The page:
Director Matt Reeves spilled some seriously major details about The Batman during the DC FanDome event on Saturday. Over the course of The Batman panel, Reeves not only touched on his approach to this particular Batman story, but also what makes this movie different from previous Batman iterations while also adding something new to the Caped Crusader’s on-screen depiction.
One of the biggest talking points to emerge from Reeves’ interview with Aisha Tyler at DC FanDome was that The Batman will not be an origin story. We know the impetus behind Bruce Wayne’s decision to become Batman, we know about the pain of his childhood; it’s all be said and done in numerous movies and TV shows. So how can The Batman change it up? Well, according to Reeves, it begins with Bruce’s humanity, as well as his fallibility. Since The Batman takes place in the second year of Batman’s work as a vigilante in Gotham, we’ll still see those early stumbles as he develops his skills but it’s not quite beginner level. As Reeves put it:
“He isn’t a superhero in the traditional sense. He might have a cape, but he can’t fly. He’s like you and me. But if he has a superpower it’s the ability to endure. And not only the ability but the kind of compulsion [to do so]. So that idea of being that driven by your past and by the things that you can’t quite resolve in yourself, like, he’s a very alive character. To me, to tell a version of Batman where, again, it wasn’t about how he became Batman, but it’s about the early days of how he is Batman and he is so far from being perfect and we see him sort of becoming what we all know about him and see it in new ways. I felt like that was a way to do something that hadn’t been done and that was really what I was excited to be able to do in this iteration.”
Reeves continued to discuss how The Batman isn’t exactly the origin story we think it is later in the panel. At one point, Reeves began discussing how The Batman will weave together an exploration of the history of corruption in Gotham with Bruce’s work as Batman at this very early phase of his vigilantism. As we saw in the first teaser trailer, the crimes being committed in The Batman test Bruce and expose his own origins in a new way.
“The other question is: What is good? One of the things that I think is interesting is learning how to be Batman. This is all an experiment in the movie. The idea is that we’re in year two of the Gotham experiment. It’s a criminological experiment. He’s trying to figure out what he can do that can finally change this place. In our story, as he’s in that mode where you meet him and you see that he is charming but […] he’s not having any of the effect he wants to have yet, that is when the murders start to happen and then the murders begin to describe the history of Gotham in a way that only reinforces what he knows about Gotham. It opens up a whole new world of corruption that went much farther. But as that story starts to come out, without being an origin tale for him, it ends up being something that touches on his origins. So you start to see that as it starts to describe this epic history of corruption in Gotham, you start to understand, ‘Well, where did [Bruce Wayne’s] family sit in that?’ In that sense, I think all of that is a way to take a story that is a detective story, a very point-of-view story, a mystery, it’s got action and all that kind of stuff, but at the end of it, it also is incredibly personal for him. And even though it is this story in which he’s trying to understand and unravel this mystery.”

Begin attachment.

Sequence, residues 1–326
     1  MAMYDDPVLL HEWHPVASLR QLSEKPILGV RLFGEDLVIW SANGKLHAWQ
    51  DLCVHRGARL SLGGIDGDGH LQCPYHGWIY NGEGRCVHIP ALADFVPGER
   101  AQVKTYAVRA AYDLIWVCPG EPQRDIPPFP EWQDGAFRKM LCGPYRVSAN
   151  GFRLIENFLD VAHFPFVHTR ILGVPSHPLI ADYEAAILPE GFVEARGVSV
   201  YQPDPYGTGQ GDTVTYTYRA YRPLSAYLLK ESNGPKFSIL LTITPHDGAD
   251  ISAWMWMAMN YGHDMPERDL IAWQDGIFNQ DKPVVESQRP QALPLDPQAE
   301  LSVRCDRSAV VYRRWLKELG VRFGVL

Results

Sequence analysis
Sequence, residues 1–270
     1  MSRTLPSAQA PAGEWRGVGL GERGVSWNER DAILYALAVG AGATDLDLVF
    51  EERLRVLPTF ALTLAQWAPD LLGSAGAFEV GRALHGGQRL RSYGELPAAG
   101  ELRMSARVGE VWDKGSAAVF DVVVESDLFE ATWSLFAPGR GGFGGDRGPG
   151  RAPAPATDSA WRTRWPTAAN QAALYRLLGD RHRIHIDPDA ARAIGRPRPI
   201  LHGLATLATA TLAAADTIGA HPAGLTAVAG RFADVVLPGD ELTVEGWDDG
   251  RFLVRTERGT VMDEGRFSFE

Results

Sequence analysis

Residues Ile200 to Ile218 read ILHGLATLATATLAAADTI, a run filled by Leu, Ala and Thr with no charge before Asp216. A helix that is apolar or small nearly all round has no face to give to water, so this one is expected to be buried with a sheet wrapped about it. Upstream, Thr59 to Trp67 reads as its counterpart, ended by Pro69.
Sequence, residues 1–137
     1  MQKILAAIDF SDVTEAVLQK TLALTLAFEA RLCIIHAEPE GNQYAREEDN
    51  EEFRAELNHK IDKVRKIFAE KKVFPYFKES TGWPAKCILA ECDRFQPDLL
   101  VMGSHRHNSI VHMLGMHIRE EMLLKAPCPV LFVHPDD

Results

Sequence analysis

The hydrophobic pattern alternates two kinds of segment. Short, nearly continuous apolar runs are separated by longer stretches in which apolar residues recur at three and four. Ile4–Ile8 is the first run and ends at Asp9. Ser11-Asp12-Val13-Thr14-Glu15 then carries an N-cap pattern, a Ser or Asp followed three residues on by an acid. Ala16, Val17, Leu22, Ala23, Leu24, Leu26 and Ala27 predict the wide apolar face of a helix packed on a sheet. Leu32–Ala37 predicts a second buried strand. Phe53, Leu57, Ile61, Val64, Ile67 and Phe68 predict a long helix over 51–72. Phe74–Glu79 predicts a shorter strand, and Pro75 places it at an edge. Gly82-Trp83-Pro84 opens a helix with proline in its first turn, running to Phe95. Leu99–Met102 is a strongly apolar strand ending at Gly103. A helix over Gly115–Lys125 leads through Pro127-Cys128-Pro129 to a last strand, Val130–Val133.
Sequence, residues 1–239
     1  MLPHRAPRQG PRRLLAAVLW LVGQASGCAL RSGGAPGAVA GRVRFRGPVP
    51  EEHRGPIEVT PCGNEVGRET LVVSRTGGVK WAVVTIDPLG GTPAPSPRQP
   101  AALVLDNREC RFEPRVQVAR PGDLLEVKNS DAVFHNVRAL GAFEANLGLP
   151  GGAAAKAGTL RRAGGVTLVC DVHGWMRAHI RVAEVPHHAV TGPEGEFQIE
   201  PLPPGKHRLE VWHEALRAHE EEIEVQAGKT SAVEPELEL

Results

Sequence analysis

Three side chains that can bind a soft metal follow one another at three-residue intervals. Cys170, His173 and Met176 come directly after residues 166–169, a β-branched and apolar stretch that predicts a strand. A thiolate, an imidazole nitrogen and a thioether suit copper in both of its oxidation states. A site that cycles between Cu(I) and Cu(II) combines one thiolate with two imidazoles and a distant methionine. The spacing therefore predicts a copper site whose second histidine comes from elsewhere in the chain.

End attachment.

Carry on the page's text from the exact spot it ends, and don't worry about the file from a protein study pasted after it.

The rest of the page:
Reeves also answered a fan question related to The Batman‘s exploration of the Dark Knight’s early days as a vigilante and how the city of Gotham will perceive him at this point in the story. As Reeves explained, the citizens of Gotham don’t necessarily see him as the beacon of hope he eventually becomes in later years. Instead, the relationship between Batman and Gotham is much different in The Batman.
“Because it’s still early and because [Batman] is a vigilante, which means he takes the law into his own hands, […] he’s not yet the vision of the character that he becomes where he becomes a symbol of hope for the city. He’s early in the trajectory. So, they’re afraid of him, frankly. He’s kind of a growing legend. I think there are some people wondering, ‘Does he exist? How exactly does he exist?’ That legend is building day by day and has been since he made his first appearance about a year and a half ago as we’re in year two. So yeah, the public is afraid of him. I mean, that’s one of the things I think he will confront in the course of the story and that Rob has to deal with in playing the character, which is the idea of how he’s perceived.”
So, one of the big takeaways from Reeves’ DC FanDome comments on The Batman story is that, even though this movie doesn’t directly deal with Batman’s origin story, what happens will force our hero to confront his own origins and relationship with the history of Gotham. It’s a clever path around Bruce Wayne’s well-trod origin story, to be sure. It should also hopefully hint that Reeves has given some careful thought and consideration to making his take on Batman as unique and interesting as possible. Sure seems like we’re in good hands on this one.
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Allie Gemmill is the Weekend Contributing Editor for Collider. You can follow them on Twitter @_matineeidle.